Imagine a speech given by Gauteng Premier David Makhura, in which he appears to lend his support to Gordhan, or a press conference with a well-placed question asking for his view on Gordhan. Any response that puts the words “economy” and “concern” into one sentence will do. If he wants to go further, something along the lines of an expression of concern about the lack of moral qualifications of those leading law enforcement agencies would help (just in case you’ve forgotten, Hawks head Mthandazo Ntlemeza was found to be a liar by a judge, and joined the Bantustan police during the 1980s).
The response would be immediate. The rand would gain some ground as investors realised there was very real opposition to Zuma and a rejection of this current intimidation of Gordhan from within the ANC itself. People who feel the same way in other provinces of the party may also feel emboldened, and decide to speak up. Talk of reform could fill the air.
The Gauteng ANC could also make a point of discussing last week’s speech by Sipho Pityana. Not so much the criticism of Zuma – in political terms that would be going to far. But Pityana appears to be the first person to offer some form of way forward, by suggesting that a conference should be called, and chaired by a group of stalwarts, so as to provide a chance for real reform. The Gauteng ANC could suggest ways of taking that discussion forward.
Watch: Sipho Pityana’s speech at Makhenkesi Stofile’s funeral
Another advantage of the Gauteng ANC taking this action could be that it may force those who back Zuma to react. Already the Youth League has taken aim at Pityana; it could force the Premier League people out into the open as well. Then we would all know who is who in the inter-ANC’s political war.
Unfortunately, the problem with such action by the ANC Gauteng is that it could be incredibly risky. Even as Zuma’s supporters appear slightly disorganised at the moment, such a move towards reform could provide the energy to unite these groups once again; a move that could make reforming the ANC much harder than it is now.
That said, it must also be remembered that those in the Premier League are weaker than they were. It wasn’t just in Gauteng that the ANC lost support. In Mangaung, a place where the party has never felt threatened, it won just 56.52% of the vote. In Rustenberg, in North West, the ANC was only able to hold on to the mayoralty through what is now the disputed support of another party. Even people who could afford to act as if governing rural areas was their God-given right now have to come to grips with the fact that politics is a secular pastime.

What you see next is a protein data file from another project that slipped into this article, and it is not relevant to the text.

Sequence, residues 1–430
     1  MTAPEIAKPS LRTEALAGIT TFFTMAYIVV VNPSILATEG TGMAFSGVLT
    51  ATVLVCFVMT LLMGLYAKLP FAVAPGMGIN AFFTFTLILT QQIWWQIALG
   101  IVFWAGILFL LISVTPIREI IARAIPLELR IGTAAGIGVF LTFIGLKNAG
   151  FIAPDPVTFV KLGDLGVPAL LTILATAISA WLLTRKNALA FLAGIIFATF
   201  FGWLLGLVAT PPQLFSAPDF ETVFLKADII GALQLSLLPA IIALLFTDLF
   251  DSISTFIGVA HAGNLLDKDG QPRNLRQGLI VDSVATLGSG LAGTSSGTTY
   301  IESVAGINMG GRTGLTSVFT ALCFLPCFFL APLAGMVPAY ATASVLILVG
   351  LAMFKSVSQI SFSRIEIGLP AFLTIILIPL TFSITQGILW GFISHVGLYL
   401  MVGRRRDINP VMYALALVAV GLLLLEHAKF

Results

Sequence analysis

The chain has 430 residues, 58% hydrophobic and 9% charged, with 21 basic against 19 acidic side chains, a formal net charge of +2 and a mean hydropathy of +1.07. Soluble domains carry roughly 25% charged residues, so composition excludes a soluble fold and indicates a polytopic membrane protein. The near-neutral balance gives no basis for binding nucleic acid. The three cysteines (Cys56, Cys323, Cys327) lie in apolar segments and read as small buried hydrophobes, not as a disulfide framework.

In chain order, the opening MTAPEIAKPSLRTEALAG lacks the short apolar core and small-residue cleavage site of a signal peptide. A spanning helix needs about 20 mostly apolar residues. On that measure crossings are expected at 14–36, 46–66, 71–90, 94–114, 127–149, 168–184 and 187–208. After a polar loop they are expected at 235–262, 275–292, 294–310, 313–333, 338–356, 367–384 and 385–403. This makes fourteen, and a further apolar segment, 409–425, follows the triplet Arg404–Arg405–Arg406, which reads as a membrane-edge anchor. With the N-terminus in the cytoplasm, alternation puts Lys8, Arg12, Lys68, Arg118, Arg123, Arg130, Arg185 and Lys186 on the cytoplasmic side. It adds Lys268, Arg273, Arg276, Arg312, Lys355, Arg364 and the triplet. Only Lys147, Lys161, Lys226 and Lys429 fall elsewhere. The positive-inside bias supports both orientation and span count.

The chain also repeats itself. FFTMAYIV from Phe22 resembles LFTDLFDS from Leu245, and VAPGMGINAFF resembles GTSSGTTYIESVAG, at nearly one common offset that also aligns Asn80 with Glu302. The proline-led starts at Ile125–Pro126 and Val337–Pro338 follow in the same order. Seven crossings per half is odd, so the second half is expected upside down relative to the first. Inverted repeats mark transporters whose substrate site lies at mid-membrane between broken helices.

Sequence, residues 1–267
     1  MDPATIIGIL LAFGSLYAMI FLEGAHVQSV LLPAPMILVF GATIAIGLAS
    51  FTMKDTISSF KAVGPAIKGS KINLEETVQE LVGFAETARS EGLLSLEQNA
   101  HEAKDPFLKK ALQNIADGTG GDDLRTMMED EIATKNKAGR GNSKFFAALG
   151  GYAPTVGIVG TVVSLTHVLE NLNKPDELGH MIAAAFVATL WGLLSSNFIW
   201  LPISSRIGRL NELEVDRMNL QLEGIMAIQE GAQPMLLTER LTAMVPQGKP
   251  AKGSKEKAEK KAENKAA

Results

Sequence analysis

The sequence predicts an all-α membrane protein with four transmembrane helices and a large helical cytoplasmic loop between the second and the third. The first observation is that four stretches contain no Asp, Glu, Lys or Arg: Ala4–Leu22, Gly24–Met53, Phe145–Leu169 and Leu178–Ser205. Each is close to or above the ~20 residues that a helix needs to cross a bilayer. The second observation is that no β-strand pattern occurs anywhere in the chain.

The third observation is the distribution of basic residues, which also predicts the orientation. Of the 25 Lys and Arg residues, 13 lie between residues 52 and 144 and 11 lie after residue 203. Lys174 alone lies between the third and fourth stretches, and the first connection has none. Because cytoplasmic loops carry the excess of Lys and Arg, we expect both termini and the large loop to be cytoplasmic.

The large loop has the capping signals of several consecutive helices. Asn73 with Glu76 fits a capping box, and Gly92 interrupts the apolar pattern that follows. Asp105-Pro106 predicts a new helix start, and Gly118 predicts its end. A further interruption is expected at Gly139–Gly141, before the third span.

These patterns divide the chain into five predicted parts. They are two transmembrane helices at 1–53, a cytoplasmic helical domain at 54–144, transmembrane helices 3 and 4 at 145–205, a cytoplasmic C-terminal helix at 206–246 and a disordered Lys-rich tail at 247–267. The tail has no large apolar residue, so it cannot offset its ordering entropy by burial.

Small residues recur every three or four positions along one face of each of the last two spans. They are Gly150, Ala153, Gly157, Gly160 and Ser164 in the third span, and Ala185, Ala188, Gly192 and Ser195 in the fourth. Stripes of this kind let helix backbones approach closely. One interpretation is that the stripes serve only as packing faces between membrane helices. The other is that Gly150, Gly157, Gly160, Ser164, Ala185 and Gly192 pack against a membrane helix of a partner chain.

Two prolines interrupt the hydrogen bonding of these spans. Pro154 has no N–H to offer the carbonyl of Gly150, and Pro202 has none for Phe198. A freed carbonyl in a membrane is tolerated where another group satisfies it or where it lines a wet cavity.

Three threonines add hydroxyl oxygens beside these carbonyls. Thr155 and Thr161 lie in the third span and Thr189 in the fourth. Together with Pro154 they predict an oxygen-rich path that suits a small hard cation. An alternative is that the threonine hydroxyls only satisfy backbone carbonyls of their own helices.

But the Gauteng ANC does have a few things going for it as well. It alone has started the process of governing as if your political life depends on it, as if it knows how to respond to woo voters back. It is also competent: it actually knows how to govern. It knows all about the impact of corruption, and perceived corruption, and how to counter it. It knows the value of open, transparent government.
Contrast this with the Premier League: North West Premier Supra Mahumapelo once praised the Guptas in an official speech, a comment unlikely to have won his administration electoral support.
In nature, it is a cast-iron law that a vacuum is abhorred. On this planet, the political vacuum is always filled. This is not always the case in the internal politics of a political party. Sometimes no one of real stature emerges. Look at Jeremy Corbyn in Britain’s Labour Party, or how a hairstyle has managed not to fill the empty space that is the US Republican Party. There is no natural law of politics that says the same cannot happen in the ANC, that the vacuum is not actually properly filled. And instead of reform, there could be an incredibly depressing picture of the ANC slowly collapsing into itself, in a black hole of corruption, arrogance and nondelivery. Sometimes, political gravity goes wrong so badly that the structure itself may not sustain the impact of the wave. Only time will tell which path the ANC will choose in the coming days. DM
Photo: President Jacob Zuma and ANC's Provincial Chairperson Paul Mashatile. (Jordi Matas)